After the fighting in Mogadishu in 1993, some of the participants were disappointed in the performance of the 5.56 NATO cartridge and wanted something with a bit more knock-down power for the M16/M4-style rifles. The result was this cartridge. The .458 SOCOM was introduced in 2002, and while it didn’t gain widespread acceptance as a military round, it has found a home with civilians. The cartridge was designed to be 100% compatible with the M4 platform. This included the buffer, buffer spring, NATO magazines, and many aftermarket .223/5.56 magazines. A standard 20-round 5.56mm magazine can hold seven .458 SOCOM rounds and a standard 30-round 5.56mm magazine can hold ten .458 SOCOM rounds. That’s a lot of firepower available in a hurry.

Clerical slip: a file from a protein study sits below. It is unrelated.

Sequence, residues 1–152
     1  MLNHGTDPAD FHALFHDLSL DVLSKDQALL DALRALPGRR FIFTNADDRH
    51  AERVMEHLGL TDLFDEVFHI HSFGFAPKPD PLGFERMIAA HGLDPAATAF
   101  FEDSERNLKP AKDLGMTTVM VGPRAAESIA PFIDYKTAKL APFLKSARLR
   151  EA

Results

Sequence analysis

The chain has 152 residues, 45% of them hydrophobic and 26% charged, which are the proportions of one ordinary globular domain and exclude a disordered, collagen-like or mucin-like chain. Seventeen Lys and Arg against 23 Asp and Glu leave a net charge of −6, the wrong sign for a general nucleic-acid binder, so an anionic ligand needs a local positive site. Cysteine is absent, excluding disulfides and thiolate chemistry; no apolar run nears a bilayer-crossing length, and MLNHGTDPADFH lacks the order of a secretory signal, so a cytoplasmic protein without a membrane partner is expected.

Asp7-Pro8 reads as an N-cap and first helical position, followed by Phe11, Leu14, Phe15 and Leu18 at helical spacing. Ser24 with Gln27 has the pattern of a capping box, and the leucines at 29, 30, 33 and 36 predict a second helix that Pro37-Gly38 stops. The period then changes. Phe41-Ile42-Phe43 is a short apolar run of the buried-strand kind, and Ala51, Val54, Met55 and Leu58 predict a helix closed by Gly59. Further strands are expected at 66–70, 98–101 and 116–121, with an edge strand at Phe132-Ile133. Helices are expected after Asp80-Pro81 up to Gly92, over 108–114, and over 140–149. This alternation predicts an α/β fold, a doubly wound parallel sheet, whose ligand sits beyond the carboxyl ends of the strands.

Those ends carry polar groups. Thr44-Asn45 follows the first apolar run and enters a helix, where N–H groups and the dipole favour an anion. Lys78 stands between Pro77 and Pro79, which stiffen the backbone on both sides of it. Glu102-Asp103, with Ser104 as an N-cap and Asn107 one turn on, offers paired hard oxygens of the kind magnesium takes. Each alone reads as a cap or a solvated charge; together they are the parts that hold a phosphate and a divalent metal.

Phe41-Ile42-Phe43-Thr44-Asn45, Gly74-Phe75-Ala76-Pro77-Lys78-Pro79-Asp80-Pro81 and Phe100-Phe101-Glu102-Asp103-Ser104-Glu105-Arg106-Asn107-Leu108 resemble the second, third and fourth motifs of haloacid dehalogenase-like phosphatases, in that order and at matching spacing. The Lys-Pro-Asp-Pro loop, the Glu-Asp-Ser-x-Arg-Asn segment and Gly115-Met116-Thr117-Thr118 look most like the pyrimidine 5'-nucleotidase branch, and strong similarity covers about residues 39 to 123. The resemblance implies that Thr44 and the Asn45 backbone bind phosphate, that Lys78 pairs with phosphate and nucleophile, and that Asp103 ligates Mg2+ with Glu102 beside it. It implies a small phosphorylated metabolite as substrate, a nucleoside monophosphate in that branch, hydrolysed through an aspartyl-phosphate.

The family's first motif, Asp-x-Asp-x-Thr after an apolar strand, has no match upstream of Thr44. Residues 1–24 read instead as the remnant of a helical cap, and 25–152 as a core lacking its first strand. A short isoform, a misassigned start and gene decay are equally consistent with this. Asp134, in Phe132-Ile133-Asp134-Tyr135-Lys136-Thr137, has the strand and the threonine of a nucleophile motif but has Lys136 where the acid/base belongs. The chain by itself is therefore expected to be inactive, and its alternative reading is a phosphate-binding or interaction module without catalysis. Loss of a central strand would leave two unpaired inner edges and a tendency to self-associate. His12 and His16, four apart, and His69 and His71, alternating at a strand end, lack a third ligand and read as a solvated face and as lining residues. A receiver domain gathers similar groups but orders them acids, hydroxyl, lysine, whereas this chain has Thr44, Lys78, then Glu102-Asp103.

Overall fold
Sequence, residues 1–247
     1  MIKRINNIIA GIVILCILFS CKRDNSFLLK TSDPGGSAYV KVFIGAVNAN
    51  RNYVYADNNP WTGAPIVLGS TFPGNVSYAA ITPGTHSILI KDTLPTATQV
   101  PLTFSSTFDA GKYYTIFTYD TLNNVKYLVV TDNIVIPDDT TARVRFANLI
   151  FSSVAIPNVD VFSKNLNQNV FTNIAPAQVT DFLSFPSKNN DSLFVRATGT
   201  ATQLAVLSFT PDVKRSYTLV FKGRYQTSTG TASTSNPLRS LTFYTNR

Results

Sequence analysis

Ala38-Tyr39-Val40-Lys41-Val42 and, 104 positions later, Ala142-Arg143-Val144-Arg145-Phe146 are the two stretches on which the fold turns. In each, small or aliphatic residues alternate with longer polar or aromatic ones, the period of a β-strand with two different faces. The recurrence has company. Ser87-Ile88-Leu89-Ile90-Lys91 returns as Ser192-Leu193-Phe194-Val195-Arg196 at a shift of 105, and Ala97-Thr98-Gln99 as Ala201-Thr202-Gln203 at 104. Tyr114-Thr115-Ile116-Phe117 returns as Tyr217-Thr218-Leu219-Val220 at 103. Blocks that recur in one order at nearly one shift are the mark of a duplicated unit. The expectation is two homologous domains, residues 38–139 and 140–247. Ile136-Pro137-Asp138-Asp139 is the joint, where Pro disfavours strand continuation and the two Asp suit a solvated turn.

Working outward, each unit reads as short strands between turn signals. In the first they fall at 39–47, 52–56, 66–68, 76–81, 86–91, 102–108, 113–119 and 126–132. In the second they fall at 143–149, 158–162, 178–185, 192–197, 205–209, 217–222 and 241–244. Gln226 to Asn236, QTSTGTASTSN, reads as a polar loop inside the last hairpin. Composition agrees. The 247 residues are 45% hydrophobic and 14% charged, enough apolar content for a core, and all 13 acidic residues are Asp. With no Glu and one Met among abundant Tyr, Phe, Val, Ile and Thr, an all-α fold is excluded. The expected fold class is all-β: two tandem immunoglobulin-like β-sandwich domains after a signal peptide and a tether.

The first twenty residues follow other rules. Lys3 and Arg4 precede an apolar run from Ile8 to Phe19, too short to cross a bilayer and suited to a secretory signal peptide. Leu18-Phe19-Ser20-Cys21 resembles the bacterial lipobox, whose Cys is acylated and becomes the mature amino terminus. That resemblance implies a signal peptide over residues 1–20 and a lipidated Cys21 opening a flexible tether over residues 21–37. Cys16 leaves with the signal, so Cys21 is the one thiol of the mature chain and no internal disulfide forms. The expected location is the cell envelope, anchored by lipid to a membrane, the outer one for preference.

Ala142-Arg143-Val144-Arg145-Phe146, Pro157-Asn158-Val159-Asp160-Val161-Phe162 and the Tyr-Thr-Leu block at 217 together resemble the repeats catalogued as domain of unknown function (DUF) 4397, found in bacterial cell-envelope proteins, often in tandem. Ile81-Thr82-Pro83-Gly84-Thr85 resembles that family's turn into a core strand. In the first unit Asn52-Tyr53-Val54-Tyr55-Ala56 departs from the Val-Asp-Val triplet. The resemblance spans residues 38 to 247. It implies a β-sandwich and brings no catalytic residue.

Most hunting loads generate energy levels north of 2,200 foot-pounds, making this an excellent choice for bear defense. One big advantage of .458 diameter is there is a wide selection of bullets on the market with bullet weights ranging from 140 to 500 grains. This cartridge probably is best suited to bullets in the 300- to 400-grain range. The .458 Socom is a powerful cartridge capable of taking any animal in North America and designed by guys who have been to battle and wanted something better. This cartridge deserves a look from anybody serious about survival, hunting or defense.